Join us in the desert for our next stop, the Phoenix Coyotes.
Lucas Lessio - Oshawa Generals
While the numbers might not necessarily indicate it, I thought Lessio had a very good year. Unfortunately it was interrupted by that fluke injury (skate cutting his hand), but I thought his game took a big step forward. He's still very much a North/South player who loves to use his speed coming down the wing. Whether it's with the puck (looking to take a defenseman wide, or fire off a hard wrister), or without it (trying to open up space for teammates, go hard to the net, forecheck), he plays the game very hard up and down. His game without the puck showed a lot more consistency this year. In particular, I thought his game in his own end really improved and he's showing signs of developing into a quality two-way player (which will be critical to his NHL success IMO). I thought his shot was also considerably improved. Looked much harder and more accurate and he had a lot more confidence using it. He has no qualms about breaking into the zone with speed and using a defender as a screen for his shot. All in all, I think his game is coming together nicely. He'll be in Portland of the AHL next year, where he got a small taste at the end of last year. I think his game is well suited to the pro level, should he continue to bring a lot of energy to the ice every night. I'd like to see him gain a bit more confidence in playing physical as I think he's at his best when that dimension is present in his game. I suspect he'll have a solid first pro season where a 20-20 year is not out of the question.
Connor Murphy - Sarnia Sting
Poor kid. He just can't seem to buy a break. Suffered another season ending knee injury, this time at the WJC's. Every year it seems to be same for him. Great things expected of him, only to have them cut short by injury. Before the injury this year, he was looking good. While I was a little disappointed in the progress of his offensive game, I thought his defensive game had grown a lot. He was making better reads in the defensive end and actually starting to use his size to push people around a bit. I think the offensive numbers continue to be a tad underwhelming because he hasn't had the chance to develop a ton of confidence in that area. He still seems somewhat hesitant when he's about to carry the puck out of his zone, and as such can be forced into the odd turnover in his own end. The potential is still sky high if he can ever stay healthy. I wonder what the plan is for Murphy this year. I think you look at two frames of mind. One, he's still eligible to return to the OHL for his overage year. There, he could play a huge role, continue to try and gain confidence in his abilities, and hopefully stay healthy. Two, they could play him in the AHL and shelter his minutes a bit, and keep a closer eye on him and his health (get him on a program that could straighten out his injury issues, be it strength, flexibility, etc). By doing so, I worry that perhaps his offensive game will never be able to blossom the way that it could because he'll have so many other things to worry about at the pro level. It's a toss up. Considering that the organization doesn't have the greatest depth at defense for their AHL affiliate, I wonder if he'll indeed be in the AHL. Wherever he is, I look forward to tracking his development.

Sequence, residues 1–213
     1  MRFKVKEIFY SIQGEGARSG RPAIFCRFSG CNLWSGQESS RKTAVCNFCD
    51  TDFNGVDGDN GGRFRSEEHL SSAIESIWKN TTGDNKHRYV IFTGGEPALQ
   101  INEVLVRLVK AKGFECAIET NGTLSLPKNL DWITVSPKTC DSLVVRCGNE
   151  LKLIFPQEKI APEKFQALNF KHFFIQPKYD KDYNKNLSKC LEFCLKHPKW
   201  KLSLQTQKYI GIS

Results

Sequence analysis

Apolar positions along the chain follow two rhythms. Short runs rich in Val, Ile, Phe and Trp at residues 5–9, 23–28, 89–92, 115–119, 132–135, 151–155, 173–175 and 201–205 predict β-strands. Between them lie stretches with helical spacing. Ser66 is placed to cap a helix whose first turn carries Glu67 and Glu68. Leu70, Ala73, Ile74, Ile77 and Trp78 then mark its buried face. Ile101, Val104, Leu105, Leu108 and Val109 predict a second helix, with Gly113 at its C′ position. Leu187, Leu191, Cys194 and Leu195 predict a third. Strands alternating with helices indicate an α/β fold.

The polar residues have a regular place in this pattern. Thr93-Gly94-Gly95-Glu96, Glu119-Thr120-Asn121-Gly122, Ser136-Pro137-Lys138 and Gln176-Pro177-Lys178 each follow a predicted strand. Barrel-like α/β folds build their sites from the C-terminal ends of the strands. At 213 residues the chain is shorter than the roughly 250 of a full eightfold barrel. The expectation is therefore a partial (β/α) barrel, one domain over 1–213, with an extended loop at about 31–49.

Tobias Rieder - Kitchener Rangers
Acquired from Edmonton, Rieder is an interesting player. He had quite the breakthrough campaign in 2011/2012, but failed to reach those heights this past season. Like most players on Kitchener, he struggled with consistency and his offensive numbers took a bit of a tumble. When he's at his best, Rieder brings a lot of energy to the ice. He's got good speed and he's active without the puck in the offensive end, despite not being the biggest guy out there. He'll go hard to the net with and without the puck. He's also got good hands which allows him to make a lot of finesse type plays in close to the net. His ability to control the puck gives him the time and space he needs to operate, that his size does not. My issue with Rieder this year was that too often it seemed like his game lacked urgency. He wasn't nearly as much of a factor on the forecheck, at least not consistently. And he didn't play with the same conviction along the boards. I also thought his effort in his own end lacked at times and he'd get caught floating. Because of the offensive skills he possesses, he still has NHL potential. Next year he'll be in the AHL (likely), where he's likely going to have to fight to get minutes. The only way he's going to find success at that level is if he returns to playing a more aggressive style. I don't have high expectations for his first pro year and I'd be surprised if he pots over 20 points in the AHL.
Max Domi - London Knights
A great selection by Phoenix, as Domi has the potential to develop into an elite offensive talent at the NHL level. He does everything well offensively. He's an incredible skater who accelerates from zero to fifty in a flash. He's got a killer wrist shot, but is also a dynamic distributor who exhibits poise in the offensive end. His skill with the puck is often breathtaking and he consistently makes opposing defenders whiff. I'm not concerned about the size issues. He's got the leg strength and skating ability to compensate. All that being said, I don't expect him to play in the NHL next season. I think another year in the OHL would do wonders for him. He'll get an opportunity to be a leader on another Memorial Cup contending team. He'll also get a chance to work on his play away from the puck and become a more involved two-way player. If he's back in the OHL (which I suspect he will be), he has a chance to lead the league in scoring and crack the 100 point mark.
*of note, the Yotes elected to not sign Andrew Fritsch, making him a free agent.